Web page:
Load data for caliber ".32 S&W Long Wad Cut."The .32 S&W Long Wadcutter is a centerfire revolver cartridge that is based on the .32 S&W Long cartridge. It is primarily designed for target shooting and is named for the wadcutter bullet that it typically fires.
The .32 S&W Long Wadcutter cartridge typically fires a 98- to 110-grain bullet at a relatively low muzzle velocity of around 700 to 800 feet per second. The wadcutter bullet has a flat, truncated nose that cuts a clean hole in paper targets, making it ideal for competitive target shooting.
The .32 S&W Long Wadcutter cartridge is not generally suitable for hunting or self-defense purposes due to its low power and limited stopping power. It is primarily used by target shooters and is a popular cartridge in revolver competitions such as bullseye shooting and silhouette shooting.
Despite its relatively niche application, the .32 S&W Long Wadcutter cartridge remains in production and is widely available from various manufacturers.
You find .32 S&W Long Wad Cut. with all common powders and bullets by clicking the 'Loads in this caliber' button above.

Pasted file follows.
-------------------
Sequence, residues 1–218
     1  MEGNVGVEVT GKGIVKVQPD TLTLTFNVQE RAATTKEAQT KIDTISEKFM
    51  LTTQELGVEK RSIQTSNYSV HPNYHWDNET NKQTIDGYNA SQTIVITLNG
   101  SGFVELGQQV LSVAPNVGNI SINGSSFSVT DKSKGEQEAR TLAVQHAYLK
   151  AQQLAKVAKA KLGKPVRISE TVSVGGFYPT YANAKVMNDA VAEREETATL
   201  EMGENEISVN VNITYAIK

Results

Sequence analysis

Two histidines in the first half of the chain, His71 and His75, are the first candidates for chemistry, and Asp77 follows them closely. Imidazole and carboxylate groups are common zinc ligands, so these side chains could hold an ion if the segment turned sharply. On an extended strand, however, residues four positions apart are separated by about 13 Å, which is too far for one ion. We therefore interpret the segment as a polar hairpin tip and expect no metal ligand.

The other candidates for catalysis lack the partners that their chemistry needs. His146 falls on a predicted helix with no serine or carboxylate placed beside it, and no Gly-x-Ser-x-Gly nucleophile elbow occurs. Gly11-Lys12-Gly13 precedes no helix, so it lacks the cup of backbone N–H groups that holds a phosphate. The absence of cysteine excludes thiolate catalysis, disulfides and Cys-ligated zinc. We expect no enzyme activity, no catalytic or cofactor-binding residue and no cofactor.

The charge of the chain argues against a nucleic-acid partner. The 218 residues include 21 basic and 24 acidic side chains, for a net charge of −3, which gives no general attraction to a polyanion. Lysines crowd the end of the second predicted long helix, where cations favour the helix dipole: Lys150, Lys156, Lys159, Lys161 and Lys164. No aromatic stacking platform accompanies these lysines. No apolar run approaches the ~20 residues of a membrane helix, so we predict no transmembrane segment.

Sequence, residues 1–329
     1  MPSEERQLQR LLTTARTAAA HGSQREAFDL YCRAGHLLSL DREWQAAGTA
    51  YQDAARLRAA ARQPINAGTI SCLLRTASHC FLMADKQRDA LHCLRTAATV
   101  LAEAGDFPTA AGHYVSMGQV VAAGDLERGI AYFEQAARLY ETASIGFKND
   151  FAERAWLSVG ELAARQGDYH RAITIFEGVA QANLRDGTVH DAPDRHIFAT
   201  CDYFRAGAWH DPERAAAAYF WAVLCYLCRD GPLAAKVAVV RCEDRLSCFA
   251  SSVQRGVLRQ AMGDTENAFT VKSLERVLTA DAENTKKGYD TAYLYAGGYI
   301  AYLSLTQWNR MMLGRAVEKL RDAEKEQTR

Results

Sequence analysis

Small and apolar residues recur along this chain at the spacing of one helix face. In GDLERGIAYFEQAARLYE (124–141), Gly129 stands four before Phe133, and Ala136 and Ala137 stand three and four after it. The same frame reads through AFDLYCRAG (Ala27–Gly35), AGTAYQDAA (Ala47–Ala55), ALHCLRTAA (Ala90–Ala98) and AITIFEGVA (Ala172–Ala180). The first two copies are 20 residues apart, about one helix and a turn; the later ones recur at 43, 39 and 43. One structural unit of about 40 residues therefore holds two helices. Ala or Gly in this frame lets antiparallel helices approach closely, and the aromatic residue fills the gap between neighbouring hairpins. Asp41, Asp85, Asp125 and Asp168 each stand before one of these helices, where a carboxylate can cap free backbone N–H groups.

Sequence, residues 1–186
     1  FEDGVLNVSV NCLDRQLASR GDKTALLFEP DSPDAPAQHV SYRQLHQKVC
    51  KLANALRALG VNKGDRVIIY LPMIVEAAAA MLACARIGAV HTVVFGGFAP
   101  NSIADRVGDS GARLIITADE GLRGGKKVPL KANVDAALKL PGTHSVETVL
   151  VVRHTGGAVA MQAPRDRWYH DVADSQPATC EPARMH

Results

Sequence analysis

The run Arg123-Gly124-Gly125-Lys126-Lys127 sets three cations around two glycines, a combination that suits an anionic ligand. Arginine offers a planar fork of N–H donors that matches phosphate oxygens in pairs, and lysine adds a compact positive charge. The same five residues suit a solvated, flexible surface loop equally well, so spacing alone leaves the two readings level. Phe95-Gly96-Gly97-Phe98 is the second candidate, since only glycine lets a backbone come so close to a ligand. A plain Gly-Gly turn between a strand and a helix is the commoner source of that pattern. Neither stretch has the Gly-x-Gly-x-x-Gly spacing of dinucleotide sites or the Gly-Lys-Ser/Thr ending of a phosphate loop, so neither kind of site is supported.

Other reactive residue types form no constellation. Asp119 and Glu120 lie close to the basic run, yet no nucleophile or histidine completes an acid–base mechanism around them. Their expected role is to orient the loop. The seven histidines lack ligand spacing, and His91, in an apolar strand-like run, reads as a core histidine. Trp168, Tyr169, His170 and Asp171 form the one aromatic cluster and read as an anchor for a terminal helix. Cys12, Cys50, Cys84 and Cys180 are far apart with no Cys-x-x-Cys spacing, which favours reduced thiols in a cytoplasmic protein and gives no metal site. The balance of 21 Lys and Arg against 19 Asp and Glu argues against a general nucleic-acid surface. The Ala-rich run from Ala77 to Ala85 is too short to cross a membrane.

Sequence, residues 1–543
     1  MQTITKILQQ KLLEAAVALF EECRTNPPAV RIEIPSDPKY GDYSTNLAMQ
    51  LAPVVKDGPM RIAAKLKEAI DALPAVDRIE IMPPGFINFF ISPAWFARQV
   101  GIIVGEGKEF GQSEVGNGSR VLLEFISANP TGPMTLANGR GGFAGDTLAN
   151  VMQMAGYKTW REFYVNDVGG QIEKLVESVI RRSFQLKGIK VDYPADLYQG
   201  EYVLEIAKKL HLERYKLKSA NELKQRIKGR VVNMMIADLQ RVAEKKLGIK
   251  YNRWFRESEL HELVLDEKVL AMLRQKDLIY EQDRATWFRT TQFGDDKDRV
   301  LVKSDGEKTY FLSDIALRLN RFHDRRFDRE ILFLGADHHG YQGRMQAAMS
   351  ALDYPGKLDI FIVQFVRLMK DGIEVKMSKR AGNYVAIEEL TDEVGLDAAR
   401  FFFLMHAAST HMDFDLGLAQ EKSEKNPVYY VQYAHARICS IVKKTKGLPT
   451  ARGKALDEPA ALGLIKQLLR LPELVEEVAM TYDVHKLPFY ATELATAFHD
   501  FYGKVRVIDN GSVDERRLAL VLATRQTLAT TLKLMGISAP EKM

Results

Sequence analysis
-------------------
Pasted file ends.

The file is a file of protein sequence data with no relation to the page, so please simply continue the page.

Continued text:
Technical Specifications (based on the respective safety standard - see more details in tab 'Datasheet' if available)
|Caliber:||.32 S&W Long Wad Cut.|
|Bullet Diameter:||0.312 '' | 7.92 mm|
|Primer Size:||Small Pistol (SP)|
|Max. Case Length (l3):||0.91'' | 23.2 mm|
|Max .Cartridge Length / OAL:||1'' | 25.4 mm|
|Maximum Standardized Pressure:||22481.2 psi | 1550 bar|
The Commission internationale permanente pour l'épreuve des armes à feu portatives ("Permanent International Commission for the Proof of Small Arms" – commonly abbreviated as C.I.P.) is an international organisation which sets standards for safety testing of firearms. (The word portatives ("portable") in the name refers to the fact the C.I.P. tests small arms almost exclusively; it is ordinarily omitted from the English translation of the name.) As of 2015, its members are the national governments of 14 countries, of which 11 are European Union member states. The C.I.P. safeguards that all firearms and ammunition sold to civilian purchasers in member states are safe for the users.
To achieve this, all such firearms are first proof tested at C.I.P. accredited Proof Houses. The same applies for cartridges; at regular intervals, cartridges are tested against the C.I.P. pressure specifications at the ammunition manufacturing plants and at C.I.P. accredited Proof Houses.
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